Chris Long went out and about at the Consumer Electronics Show (CES) in Las Vegas to try to map out the path technology will take in 2006.
In the wonderful world of technology every year is a special year, an anniversary, a new launch, a new colour/version/logo.
The prospect of Windows Vista has triggered other developments
But this year is different: we have a new Intel, we are getting a new Windows, and everything is just about wireless.
We even have Palm, that bastion of "we can go it alone, thank you very much", releasing a device running Windows CE. So what is going on?
The first and obvious place to start is Windows Vista, previously called Longhorn.
It is a brand new version of Windows that is launching at the end of the year, and everyone in the business is writing compatible software and beefing up their hardware to take the inevitable strain the new software will create.
Intel is one of the companies making the hardware to take that strain, and has spent an awful lot of money redesigning its logo.
It is also spending a lot of money moving up the power graph by showing off its new dual-core processors for notebooks.
But the big Intel news was Viiv - a specification to drag video entertainment systems well and truly in to the 21st Century.
The media centre - the PC as a home entertainment hub - is developing apace, and joining the fray is Google, which has announced a video download service.
However, it is the launch of Google Pack - a collection of freebie software, even including an anti-virus package - that is taking Google's bid for world domination to a new level.
It is heartening to see the industry trying to develop our own creativity, and at least one result of that means more pictures to file.
All the same, it is apparent that digital imaging is not that hot at the moment.
But if the megapixel war is slowing, the battle for the storage media inside the cameras is definitely hotting up.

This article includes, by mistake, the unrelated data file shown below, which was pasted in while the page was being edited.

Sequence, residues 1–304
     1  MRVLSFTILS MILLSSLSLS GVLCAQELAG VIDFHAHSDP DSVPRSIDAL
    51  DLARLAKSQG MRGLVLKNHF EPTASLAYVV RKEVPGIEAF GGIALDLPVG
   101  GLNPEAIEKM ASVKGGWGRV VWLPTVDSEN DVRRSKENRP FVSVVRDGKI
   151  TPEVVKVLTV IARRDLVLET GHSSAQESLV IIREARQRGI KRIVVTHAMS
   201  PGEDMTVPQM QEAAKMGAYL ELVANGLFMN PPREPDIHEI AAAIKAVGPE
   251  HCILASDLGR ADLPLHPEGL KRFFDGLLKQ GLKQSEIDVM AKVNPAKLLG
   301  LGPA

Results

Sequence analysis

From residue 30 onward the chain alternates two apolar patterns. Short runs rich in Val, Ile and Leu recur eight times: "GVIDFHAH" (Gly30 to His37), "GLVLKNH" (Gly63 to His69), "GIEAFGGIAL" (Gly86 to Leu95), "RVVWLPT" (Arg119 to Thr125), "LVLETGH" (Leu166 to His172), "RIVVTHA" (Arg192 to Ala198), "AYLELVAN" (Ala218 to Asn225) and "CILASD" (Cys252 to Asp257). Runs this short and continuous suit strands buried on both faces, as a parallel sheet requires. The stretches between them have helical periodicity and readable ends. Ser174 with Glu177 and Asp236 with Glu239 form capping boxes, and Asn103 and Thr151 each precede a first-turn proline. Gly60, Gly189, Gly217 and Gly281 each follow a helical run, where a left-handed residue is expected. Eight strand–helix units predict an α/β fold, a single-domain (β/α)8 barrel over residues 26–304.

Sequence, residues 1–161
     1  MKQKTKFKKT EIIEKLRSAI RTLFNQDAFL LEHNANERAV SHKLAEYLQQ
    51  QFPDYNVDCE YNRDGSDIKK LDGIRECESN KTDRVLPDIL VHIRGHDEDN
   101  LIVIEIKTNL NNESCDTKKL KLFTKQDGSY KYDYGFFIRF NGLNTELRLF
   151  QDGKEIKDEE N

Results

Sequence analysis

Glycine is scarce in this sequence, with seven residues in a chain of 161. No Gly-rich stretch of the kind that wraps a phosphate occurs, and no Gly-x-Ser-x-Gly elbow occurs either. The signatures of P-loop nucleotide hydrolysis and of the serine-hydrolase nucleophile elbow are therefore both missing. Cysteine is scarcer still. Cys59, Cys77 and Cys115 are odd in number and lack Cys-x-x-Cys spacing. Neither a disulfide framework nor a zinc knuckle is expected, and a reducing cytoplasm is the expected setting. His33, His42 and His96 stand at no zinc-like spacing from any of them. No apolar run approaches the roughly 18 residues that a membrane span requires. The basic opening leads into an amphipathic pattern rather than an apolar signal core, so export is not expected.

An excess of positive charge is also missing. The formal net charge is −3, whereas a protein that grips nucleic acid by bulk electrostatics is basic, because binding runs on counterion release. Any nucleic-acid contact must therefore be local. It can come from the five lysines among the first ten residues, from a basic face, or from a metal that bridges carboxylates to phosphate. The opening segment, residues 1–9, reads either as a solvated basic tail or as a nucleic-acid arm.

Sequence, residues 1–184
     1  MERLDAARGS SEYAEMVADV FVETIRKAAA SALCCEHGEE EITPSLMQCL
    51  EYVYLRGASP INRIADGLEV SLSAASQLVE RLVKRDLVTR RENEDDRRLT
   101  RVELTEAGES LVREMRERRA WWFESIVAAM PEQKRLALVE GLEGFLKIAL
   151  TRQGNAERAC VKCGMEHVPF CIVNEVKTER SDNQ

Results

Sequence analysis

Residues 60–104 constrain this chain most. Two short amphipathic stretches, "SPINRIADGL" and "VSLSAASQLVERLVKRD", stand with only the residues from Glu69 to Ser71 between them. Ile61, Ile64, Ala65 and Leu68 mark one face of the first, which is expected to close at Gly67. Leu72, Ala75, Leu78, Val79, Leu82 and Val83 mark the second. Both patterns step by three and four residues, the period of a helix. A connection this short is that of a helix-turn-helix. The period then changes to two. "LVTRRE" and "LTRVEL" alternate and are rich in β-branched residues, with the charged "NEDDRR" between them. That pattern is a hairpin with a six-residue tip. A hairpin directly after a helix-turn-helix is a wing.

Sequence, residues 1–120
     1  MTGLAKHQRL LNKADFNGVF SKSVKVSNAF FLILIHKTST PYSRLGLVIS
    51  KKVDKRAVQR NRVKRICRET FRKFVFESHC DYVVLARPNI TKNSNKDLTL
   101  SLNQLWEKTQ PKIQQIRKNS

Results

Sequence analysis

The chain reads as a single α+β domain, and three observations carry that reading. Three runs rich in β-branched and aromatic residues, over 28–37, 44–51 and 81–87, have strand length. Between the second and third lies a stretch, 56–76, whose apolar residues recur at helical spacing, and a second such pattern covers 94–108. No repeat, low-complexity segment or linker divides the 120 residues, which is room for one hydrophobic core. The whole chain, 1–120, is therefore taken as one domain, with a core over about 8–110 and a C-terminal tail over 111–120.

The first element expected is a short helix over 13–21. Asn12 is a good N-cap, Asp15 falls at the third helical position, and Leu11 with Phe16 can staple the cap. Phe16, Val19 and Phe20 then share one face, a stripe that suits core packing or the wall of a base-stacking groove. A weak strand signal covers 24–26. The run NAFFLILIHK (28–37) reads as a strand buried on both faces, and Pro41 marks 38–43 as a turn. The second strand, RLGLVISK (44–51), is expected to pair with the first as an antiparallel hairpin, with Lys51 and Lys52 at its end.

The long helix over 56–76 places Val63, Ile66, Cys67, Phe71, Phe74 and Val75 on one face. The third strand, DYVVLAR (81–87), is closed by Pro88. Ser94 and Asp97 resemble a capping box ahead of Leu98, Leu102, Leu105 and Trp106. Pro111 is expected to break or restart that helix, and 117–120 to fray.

Flash memory is getting faster, smaller and denser, whatever the format.
But it is the ubiquitous USB sticks that are changing the game.
Ed Morrow, from SanDisk, says: "I believe you're going to see everything move to USB, especially as USB becomes a smarter device.
"As you have software engineers writing the ability to launch applications, you're going to see USB becoming a much smarter device as people are able to walk around and launch applications.
USB devices are changing the way we use our data
"Yes, it also holds memory. So I really believe that's going to be the device of choice for travelling and backup."
So it looks like we have a growth in media centre technology but a slowdown in imaging developments, with storage going hell for leather.
Wireless has got so far into the soul of computing that it has now taken on USB.
Current USB is easily fast enough to handle video streams and, while this new technology is perfect for printers and digital cameras, the simplicity of the wireless technology, and the sheer number of USB devices, suggests it is here to stay.
Then there is wireless networking. Yes, it is old news - but 2006 is the year where the new, faster, and very much better, N standard is supposed to be released.
The problem is the standard has taken so long to get sorted that the manufacturers got itchy and launched loads of non-standard kit, normally called pre-N. And one pre-N device does not always work with other pre-N kit.
So connectivity is blossoming, but the ensuing standards confusion is likely to make everyone's head spin.
Plus, it almost goes without saying that Voice over Internet is changing the telecoms world.
Perhaps the biggest development is Skype's new software supporting the Pocket PC, meaning VoIP calls on your mobile phone.
The other big mobile phone news is from Palm, the company that effectively created the PDA market by building its own hardware and writing its own software.
Palm has launched a Treo handset that runs Microsoft pocket windows. So we started with Microsoft and end with Microsoft - there's a trend that we all recognise!